Designing a Practical Meal Timetable for Your Infant and Toddler

Designing a meal timetable for your children that is practical makes life easier for a mother or caregiver in the long run. It does not require mathematics to be able to put a great meal plan together but it does require effort; a one-time effort.

In my previous posts, I have written about the different food groups that you can explore to add variety to your child’s meals. I have also showed a food demonstration on variety.

From Top Left: Vegetable oil, tomatoes and Onions, unripe plantain
Bottom left: Fish, carrots, green beans, green peas, and boiled beans

Sometimes, it can be hard to keep up with all of this and so it’s best to draw up a meal plan. It is a commendable effort to put this together for your child because you would know exactly what you are feeding your child, keep track of the different foods he has tried, have a source of information in case of allergies or health issues relating to food that come up as and generally ensure that your child is eating adequately.

Apart from it being a deliberate effort to improve your child’s nutrition, it helps you plan for your shopping, and save time in preparation when you have it all written down.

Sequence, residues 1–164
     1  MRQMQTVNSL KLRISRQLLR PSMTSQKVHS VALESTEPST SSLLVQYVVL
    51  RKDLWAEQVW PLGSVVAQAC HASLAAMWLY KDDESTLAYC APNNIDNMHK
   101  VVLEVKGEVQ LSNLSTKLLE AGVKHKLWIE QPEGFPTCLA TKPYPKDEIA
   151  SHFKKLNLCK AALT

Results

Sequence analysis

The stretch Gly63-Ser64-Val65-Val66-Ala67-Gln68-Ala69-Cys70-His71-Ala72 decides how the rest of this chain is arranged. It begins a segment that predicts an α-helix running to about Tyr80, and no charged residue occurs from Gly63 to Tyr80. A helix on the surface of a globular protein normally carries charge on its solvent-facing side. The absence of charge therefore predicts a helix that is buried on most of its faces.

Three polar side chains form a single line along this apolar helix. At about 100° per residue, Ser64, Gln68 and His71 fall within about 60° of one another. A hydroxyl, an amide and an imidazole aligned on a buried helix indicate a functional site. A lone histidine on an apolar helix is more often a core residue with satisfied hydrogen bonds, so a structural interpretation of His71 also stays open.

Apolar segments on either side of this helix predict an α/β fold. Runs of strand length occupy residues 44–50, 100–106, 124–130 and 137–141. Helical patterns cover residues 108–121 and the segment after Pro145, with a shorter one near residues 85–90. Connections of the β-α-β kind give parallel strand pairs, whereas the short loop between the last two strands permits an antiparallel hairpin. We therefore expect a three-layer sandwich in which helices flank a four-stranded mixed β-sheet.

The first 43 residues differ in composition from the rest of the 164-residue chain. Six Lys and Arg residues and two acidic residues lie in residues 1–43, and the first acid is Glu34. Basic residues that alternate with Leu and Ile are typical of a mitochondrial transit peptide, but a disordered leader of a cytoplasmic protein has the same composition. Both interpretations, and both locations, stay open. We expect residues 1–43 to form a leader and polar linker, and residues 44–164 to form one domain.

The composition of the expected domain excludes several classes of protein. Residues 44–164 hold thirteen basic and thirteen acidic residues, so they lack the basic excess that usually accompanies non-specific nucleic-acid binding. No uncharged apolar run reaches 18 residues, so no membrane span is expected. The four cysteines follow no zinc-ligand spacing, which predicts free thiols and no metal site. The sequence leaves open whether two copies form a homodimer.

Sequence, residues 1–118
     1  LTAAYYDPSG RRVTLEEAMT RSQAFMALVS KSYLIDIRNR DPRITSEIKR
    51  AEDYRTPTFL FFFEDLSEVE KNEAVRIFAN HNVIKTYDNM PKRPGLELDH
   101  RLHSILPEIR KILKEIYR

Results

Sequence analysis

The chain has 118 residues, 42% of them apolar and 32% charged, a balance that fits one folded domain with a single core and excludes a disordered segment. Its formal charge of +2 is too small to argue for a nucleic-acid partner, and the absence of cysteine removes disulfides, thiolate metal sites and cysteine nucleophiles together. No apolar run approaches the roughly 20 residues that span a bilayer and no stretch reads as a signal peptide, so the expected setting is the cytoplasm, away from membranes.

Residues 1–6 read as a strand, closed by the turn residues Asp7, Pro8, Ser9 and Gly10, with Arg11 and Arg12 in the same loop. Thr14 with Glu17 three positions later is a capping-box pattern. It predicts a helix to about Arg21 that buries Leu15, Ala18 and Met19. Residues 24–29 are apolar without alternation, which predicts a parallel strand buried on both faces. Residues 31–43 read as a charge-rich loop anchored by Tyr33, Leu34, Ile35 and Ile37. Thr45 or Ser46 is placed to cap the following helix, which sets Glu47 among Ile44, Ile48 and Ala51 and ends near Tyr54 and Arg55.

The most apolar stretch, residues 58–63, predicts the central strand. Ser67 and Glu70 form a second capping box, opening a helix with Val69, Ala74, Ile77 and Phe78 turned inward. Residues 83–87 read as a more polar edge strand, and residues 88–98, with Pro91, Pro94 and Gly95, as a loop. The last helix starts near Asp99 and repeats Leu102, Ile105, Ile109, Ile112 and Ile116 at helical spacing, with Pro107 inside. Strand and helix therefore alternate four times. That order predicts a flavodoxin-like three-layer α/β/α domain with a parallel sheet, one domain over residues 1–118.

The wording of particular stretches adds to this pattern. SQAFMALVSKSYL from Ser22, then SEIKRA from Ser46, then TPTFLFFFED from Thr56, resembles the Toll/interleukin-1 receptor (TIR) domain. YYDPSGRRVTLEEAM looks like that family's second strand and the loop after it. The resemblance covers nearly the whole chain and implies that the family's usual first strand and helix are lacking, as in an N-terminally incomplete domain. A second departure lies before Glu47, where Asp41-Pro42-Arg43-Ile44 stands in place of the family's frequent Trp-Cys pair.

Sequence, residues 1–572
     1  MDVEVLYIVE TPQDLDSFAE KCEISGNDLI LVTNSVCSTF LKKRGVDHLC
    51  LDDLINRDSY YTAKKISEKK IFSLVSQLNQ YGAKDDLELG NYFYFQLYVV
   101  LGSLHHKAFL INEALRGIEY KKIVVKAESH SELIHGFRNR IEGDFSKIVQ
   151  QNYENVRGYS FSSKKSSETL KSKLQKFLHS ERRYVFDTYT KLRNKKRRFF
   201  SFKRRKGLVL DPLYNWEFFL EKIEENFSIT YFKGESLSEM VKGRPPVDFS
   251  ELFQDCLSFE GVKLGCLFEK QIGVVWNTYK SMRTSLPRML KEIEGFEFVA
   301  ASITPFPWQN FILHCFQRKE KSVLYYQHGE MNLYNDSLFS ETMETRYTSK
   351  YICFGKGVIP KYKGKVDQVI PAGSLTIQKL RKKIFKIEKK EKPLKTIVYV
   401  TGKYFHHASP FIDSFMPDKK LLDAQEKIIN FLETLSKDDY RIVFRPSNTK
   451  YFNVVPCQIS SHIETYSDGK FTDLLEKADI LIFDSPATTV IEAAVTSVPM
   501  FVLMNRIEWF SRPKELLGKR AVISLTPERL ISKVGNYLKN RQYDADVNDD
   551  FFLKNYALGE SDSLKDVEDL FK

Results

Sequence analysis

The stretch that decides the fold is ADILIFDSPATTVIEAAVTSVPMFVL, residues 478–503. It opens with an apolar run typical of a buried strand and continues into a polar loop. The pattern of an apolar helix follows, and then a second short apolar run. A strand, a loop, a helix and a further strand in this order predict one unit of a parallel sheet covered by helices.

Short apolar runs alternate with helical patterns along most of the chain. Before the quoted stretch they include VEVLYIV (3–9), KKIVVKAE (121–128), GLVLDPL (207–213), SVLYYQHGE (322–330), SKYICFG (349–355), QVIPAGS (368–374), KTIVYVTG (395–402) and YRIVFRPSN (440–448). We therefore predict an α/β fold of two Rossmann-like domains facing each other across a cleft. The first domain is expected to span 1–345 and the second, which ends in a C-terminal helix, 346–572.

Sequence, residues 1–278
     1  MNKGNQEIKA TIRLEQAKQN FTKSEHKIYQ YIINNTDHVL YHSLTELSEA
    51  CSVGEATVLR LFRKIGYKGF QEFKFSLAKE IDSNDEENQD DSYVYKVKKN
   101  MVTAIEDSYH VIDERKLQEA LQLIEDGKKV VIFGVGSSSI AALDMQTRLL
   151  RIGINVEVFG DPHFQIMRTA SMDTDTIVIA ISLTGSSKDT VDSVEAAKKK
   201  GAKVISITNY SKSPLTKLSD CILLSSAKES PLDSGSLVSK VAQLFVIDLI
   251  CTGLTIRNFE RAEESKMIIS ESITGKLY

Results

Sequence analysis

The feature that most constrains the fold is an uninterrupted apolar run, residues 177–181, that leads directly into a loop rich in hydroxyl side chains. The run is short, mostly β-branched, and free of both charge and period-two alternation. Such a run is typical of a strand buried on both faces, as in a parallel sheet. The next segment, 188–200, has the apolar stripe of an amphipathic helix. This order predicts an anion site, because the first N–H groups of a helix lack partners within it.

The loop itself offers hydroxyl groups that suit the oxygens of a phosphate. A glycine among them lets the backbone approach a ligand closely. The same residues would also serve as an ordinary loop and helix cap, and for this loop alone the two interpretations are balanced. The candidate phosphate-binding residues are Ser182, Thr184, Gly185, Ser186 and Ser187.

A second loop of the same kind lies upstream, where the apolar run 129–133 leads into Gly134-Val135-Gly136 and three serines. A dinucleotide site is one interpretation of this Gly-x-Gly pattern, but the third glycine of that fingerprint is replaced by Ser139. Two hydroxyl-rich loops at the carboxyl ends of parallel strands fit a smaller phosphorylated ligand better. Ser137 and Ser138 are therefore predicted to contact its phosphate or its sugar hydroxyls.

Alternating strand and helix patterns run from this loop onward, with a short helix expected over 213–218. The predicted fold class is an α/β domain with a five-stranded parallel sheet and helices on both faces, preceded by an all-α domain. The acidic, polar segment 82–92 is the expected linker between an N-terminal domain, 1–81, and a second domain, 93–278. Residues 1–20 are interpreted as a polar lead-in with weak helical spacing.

Try to include all the food groups in your meal plan. This way, you know that your child is consuming a variety of meals. All you then have to worry about is how to cook them to get value out of the nutrients as well as portion size and texture for your infant.

Let us take a look at Monday.

If your child is 6-9 months, she is supposed to be eating 2-3 meals a day with 1-2 snacks in addition to the milk she is taking.

I have planned out the time such that it can accommodate the 2 meals and 1 fruit snack. For some people, you might decide to include the fruits into the meals e.g. apple with the cereal for breakfast and then include another meal. You can establish your child’s food habits from this onset by offering a variety of meals and including fruits and vegetables into her meals.

Monday = Grains, roots and tuber + Vegetables + fleshy foods + fruit + dairy

I have included 5 of the 7 food groups.  If your child eats all this in one day (along with appropriate age-appropriate portion sizes and other factors considered), she would have been fed appropriately.

Let us look at Tuesday.

Tuesday = Dairy + grain, root and tubers + legume +fleshy food +vitamin A rich fruit

I have also included 5 of the 7 food groups.  This time, I have legumes and a vitamin A rich fruit also included.

Once you start taking all these food groups into consideration, it becomes a part of you. You can also use this method to design something for the rest of the family.

Now, I left Thursday to Sunday blank in the sample plan for a 6-9 months old infant so that you can try also. Make sure you do not repeat the meals too often except if you are trying out new foods for the first time and you want your child to accept it. When you achieve this, you will have a diversified meal plan that you can upgrade and modify to suit your child as she grows and as she becomes more ready to explore other foods in each food group.

Click here to access my earlier post on appropriate portion sizes and frequency of feeding for infants and toddlers.

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